The Democrat War on the First Amendment

Victor Keith
Unhappy with recent Supreme Court decisions supporting the First Amendment, some Democrat senators have arrived at an old solution: if you do not like the Constitution, amend it.  Angry with Supreme Court decisions like McCutcheon and Citizens United, which ruled that such efforts were unconstitutional, some Democrats have decided to attempt an end run around the First Amendment. The legislation they are promoting would limit not only partisan spending, but independent spending as well.

Specifically, Democrat senators Charles Schumer from New York and Thomas Udall from New Mexico are proposing a constitutional amendment to restrict the freedom of people to finance elections.

Schumer has maintained that not having limits on the financing of elections results in the “drowning” of opposition views.  This position is laughable on its face, since Citizens United and McCutcheon did not stop Obama from being re-elected, and as we have seen, the president seems to have no trouble raising money.  The only side that is “drowning” out opposition is the one that attempts to cut off access to the microphone to any political ideas that challenge an overreaching government.

The reason behind this move was clarified simply by former Supreme Court Justice John Paul Stevens, who testified in support of the measure.  He said, “All elected officials would lead happier lives and be better able to perform their public responsibilities if they did not have to spend so much times raising money.”  I was not aware that the purpose of the First Amendment was to help politicians lead happier lives.  In fact, the purpose of the First Amendment is to allow citizens to shine a light on the activities of their elected officials.  It is not surprising that those officials would be much “happier” working in the dark.  For the record, former Justice Stevens has said he would also like to amend the Second Amendment.  It is curious that a former Supreme Court member would have such antipathy toward the Bill of Rights.

The mainstream media, which excels in providing cover for progressives in growing the government to gargantuan proportions, has echoed the call by bemoaning “too much money in politics.”  They are oblivious to the fact that the growth in money being spent on politics has expanded proportionally with the growth of government.  The bigger government becomes, the more incentive there is to buy it off.

The mainstream media would quickly change its tune if there were a government proposal to limit the amount of money a network could spend on its news division.  Watch how fast money would then equate with free speech for them.  Fortunately, the odds of getting 38 states to go along with this are slim and none.  The fact that it is even being proposed, however, signals the first shot in the war against free speech.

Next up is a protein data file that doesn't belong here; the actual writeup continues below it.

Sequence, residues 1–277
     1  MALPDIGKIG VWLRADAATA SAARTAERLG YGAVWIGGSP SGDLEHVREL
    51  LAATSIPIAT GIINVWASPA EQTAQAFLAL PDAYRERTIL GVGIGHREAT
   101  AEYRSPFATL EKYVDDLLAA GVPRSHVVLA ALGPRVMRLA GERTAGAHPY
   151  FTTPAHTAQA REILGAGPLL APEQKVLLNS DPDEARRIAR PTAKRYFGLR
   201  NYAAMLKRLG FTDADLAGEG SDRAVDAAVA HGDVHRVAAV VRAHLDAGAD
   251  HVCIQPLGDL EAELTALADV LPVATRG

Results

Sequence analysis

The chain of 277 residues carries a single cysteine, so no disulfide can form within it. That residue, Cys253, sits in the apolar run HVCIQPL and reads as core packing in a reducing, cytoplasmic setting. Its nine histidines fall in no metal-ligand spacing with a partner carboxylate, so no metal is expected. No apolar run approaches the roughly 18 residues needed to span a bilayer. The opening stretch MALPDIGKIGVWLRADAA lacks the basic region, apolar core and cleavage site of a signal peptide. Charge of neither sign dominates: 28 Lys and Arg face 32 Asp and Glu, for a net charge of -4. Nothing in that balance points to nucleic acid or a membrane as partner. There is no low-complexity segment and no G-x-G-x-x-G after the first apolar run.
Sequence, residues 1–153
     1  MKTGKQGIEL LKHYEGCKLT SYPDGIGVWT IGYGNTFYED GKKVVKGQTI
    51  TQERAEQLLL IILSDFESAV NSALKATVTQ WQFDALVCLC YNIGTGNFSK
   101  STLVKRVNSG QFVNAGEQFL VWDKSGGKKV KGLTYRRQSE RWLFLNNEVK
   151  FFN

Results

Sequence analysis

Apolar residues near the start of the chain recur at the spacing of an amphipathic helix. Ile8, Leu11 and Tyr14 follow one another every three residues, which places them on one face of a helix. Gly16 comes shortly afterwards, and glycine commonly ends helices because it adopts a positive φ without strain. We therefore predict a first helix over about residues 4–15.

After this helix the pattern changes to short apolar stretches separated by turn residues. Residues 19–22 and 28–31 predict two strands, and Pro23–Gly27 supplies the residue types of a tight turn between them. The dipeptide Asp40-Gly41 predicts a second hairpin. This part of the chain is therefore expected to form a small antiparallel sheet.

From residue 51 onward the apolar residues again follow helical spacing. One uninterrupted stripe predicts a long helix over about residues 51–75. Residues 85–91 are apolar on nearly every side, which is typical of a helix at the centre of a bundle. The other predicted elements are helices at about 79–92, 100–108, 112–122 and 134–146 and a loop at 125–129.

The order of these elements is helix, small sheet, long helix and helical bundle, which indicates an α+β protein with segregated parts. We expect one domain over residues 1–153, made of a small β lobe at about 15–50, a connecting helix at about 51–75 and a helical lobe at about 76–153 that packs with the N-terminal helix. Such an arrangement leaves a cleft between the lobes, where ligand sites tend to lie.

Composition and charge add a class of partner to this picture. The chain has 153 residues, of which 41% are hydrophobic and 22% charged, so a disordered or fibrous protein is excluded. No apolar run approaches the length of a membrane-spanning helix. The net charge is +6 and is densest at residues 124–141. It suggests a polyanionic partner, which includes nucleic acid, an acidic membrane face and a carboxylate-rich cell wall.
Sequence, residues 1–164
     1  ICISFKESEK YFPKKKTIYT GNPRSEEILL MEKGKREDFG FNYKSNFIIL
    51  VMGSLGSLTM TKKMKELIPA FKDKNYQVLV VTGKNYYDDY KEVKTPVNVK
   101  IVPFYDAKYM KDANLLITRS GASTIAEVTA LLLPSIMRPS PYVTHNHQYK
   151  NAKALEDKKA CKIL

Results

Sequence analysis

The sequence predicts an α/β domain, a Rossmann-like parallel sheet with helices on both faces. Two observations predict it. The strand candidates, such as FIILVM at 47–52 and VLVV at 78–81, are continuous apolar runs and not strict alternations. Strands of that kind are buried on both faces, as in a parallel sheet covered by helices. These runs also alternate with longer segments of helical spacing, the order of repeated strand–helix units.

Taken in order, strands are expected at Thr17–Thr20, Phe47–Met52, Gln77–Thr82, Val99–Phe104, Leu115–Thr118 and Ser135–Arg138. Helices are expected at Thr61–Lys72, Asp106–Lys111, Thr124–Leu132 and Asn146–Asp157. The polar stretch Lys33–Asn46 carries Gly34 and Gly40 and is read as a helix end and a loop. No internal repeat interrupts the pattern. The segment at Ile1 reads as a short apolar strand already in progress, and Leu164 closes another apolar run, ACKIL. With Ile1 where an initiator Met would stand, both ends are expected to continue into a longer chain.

Victor Keith writes from Burbank, California and can be contacted at victorakeith.com.

Unhappy with recent Supreme Court decisions supporting the First Amendment, some Democrat senators have arrived at an old solution: if you do not like the Constitution, amend it.  Angry with Supreme Court decisions like McCutcheon and Citizens United, which ruled that such efforts were unconstitutional, some Democrats have decided to attempt an end run around the First Amendment. The legislation they are promoting would limit not only partisan spending, but independent spending as well.

Specifically, Democrat senators Charles Schumer from New York and Thomas Udall from New Mexico are proposing a constitutional amendment to restrict the freedom of people to finance elections.

Schumer has maintained that not having limits on the financing of elections results in the “drowning” of opposition views.  This position is laughable on its face, since Citizens United and McCutcheon did not stop Obama from being re-elected, and as we have seen, the president seems to have no trouble raising money.  The only side that is “drowning” out opposition is the one that attempts to cut off access to the microphone to any political ideas that challenge an overreaching government.

The reason behind this move was clarified simply by former Supreme Court Justice John Paul Stevens, who testified in support of the measure.  He said, “All elected officials would lead happier lives and be better able to perform their public responsibilities if they did not have to spend so much times raising money.”  I was not aware that the purpose of the First Amendment was to help politicians lead happier lives.  In fact, the purpose of the First Amendment is to allow citizens to shine a light on the activities of their elected officials.  It is not surprising that those officials would be much “happier” working in the dark.  For the record, former Justice Stevens has said he would also like to amend the Second Amendment.  It is curious that a former Supreme Court member would have such antipathy toward the Bill of Rights.

The mainstream media, which excels in providing cover for progressives in growing the government to gargantuan proportions, has echoed the call by bemoaning “too much money in politics.”  They are oblivious to the fact that the growth in money being spent on politics has expanded proportionally with the growth of government.  The bigger government becomes, the more incentive there is to buy it off.

The mainstream media would quickly change its tune if there were a government proposal to limit the amount of money a network could spend on its news division.  Watch how fast money would then equate with free speech for them.  Fortunately, the odds of getting 38 states to go along with this are slim and none.  The fact that it is even being proposed, however, signals the first shot in the war against free speech.

Victor Keith writes from Burbank, California and can be contacted at victorakeith.com.